Question: The meeting between President Raisi, President Erdogan and President Putin is a trilateral meeting on Syria, is my understanding, so it brings me back to that announcement you made about the special envoy, Geir Pedersen, cancelling the latest round of the Constitutional Committee. The reason… you have not given that reason… but the reason is that the Syrian Government says that the host country, i.e. Switzerland, is no longer neutral because of Swiss support for EU sanctions on Russia. What is the UN’s reaction to that? Does the UN feel that Geneva is no longer a neutral location? Because a lot of your diplomacy is done in Geneva, and if Geneva is not a neutral location, then a lot of diplomacy is done in New York, and you certainly can’t describe the host country here as particularly neutral.
Spokesman: Well, in this case, yes, first of all, we do reaffirm the neutrality of Switzerland as a venue for much of the work that the United Nations does, but beyond that, Geir Pedersen did make a comment, which I would like to repeat in regards to your particular question, which is: the Special Envoy stresses the importance of all the stakeholders in this conflict protecting and firewalling the Syrian political process from their differences elsewhere in the world, and encourages them to engage in constructive diplomacy on Syria. And this is something that we feel is very crucial. Syria has been a conflict that has lasted and has destroyed people’s lives over the course of a decade. It needs to be kept… discussions on Syria need to be kept as much as possible separate and apart from discussions on other topics.
Question: But isn’t the reality that Mr. Pedersen is just getting the run-around from the Syrian Government in exactly the same way that his predecessor, Mr. [Staffan] de Mistura, got delayed… constant delaying tactics? Is there actually any benefit in this process, which seems to just be kicking the can down the road, particularly kicking it with a Syrian boot?
Spokesman: I think Mr. Pedersen in his briefings to the Security Council, and his discussions with you in media stakeouts, has been very clear about some of the frustrations in terms of being able to bring the parties together and actually make substantial progress. He’s doing what he can, but as he showed over the weekend, when it was conclusive to him that the talks could not take place in Geneva next week, he doesn’t want to hold any sorts of events that are just for show. He wants there to be actual substantive results. And he’ll keep working to see what actual substantive results he can make for the Syrian people, who have been waiting for far too long for progress on this. Yes, Ibtisam.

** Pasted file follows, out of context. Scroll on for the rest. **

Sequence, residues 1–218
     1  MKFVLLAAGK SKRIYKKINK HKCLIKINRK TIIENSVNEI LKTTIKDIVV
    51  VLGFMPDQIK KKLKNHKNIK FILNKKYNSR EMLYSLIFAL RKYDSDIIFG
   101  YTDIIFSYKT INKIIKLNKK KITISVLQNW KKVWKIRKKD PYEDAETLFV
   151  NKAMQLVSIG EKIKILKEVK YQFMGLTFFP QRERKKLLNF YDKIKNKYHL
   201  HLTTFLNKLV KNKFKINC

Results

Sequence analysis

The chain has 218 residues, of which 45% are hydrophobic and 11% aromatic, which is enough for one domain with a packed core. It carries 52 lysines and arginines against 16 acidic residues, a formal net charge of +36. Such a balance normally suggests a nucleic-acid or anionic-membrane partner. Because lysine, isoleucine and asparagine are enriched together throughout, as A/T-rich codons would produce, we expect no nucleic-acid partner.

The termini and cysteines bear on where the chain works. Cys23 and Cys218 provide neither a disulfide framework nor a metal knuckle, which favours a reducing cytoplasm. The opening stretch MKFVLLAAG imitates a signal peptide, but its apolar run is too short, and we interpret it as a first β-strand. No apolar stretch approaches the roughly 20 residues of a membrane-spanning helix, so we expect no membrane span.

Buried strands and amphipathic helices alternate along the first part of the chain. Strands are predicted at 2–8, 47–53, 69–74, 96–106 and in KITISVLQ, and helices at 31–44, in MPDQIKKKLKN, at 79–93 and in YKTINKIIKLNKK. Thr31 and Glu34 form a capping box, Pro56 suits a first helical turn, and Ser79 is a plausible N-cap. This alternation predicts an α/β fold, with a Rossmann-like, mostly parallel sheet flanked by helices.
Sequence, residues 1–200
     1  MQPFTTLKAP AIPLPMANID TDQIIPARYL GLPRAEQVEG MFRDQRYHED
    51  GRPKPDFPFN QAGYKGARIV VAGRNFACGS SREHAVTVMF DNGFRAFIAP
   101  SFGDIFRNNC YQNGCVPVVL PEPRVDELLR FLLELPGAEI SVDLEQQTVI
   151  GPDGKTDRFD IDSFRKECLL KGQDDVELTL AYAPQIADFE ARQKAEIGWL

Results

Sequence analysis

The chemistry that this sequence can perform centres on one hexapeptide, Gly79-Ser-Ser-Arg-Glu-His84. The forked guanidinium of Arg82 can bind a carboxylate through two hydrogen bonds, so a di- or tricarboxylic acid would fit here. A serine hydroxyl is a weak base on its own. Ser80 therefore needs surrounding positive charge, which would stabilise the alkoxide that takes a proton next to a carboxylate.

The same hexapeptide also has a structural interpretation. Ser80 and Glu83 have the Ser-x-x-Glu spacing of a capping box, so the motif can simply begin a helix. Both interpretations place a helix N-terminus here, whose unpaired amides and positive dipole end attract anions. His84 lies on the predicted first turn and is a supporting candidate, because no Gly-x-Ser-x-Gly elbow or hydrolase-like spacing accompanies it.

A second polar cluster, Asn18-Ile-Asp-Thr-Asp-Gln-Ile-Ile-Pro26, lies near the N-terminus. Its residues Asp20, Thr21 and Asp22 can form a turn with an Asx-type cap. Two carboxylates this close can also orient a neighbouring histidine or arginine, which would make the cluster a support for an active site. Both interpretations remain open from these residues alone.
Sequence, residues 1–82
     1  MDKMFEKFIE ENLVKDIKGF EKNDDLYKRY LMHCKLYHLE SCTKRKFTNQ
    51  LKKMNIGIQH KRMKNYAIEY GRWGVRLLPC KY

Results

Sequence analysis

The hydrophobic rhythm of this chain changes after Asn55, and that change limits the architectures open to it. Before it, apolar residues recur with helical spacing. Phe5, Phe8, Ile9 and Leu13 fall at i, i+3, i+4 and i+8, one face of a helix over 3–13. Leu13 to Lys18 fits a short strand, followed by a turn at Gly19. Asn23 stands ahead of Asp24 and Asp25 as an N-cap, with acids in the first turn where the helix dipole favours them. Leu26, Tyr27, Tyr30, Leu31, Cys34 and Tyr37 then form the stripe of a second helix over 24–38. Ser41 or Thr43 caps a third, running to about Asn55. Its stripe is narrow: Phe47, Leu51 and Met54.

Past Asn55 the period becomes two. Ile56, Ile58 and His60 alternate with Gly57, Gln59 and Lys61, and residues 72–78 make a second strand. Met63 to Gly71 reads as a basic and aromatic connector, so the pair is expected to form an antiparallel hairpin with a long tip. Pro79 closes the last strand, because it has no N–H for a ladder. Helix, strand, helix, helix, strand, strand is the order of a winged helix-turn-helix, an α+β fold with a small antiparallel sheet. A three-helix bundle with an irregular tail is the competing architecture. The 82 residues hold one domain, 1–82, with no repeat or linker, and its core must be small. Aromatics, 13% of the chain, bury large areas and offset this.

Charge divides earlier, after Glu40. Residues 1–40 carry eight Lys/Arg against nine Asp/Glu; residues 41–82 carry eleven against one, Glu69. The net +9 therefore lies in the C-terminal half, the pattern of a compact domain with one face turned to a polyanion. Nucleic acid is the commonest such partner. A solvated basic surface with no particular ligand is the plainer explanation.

Question: Thanks, Farhan. My initial question was asked, actually, by James, so I have a follow-up. It was about Syria. I have a follow-up. Is Mr. Pedersen looking for a new place to hold these talks? And if not, then what?
Spokesman: Well, at this stage, I don’t have any other venue, and as I just mentioned to James, we reaffirm the neutrality of Geneva as a venue. That said, of course, we want to make sure that substantive talks can be held, and we will see what happens next. At this stage, Mr. Pedersen will continue his discussions with the parties. Yes, Mariam?
Question: Another earthquake shook today in Afghanistan. Forty people died, and 390 people affected with [inaudible]. What is the UN plan, in the long term, to help people in these particular issues, in these particular areas? In Afghanistan.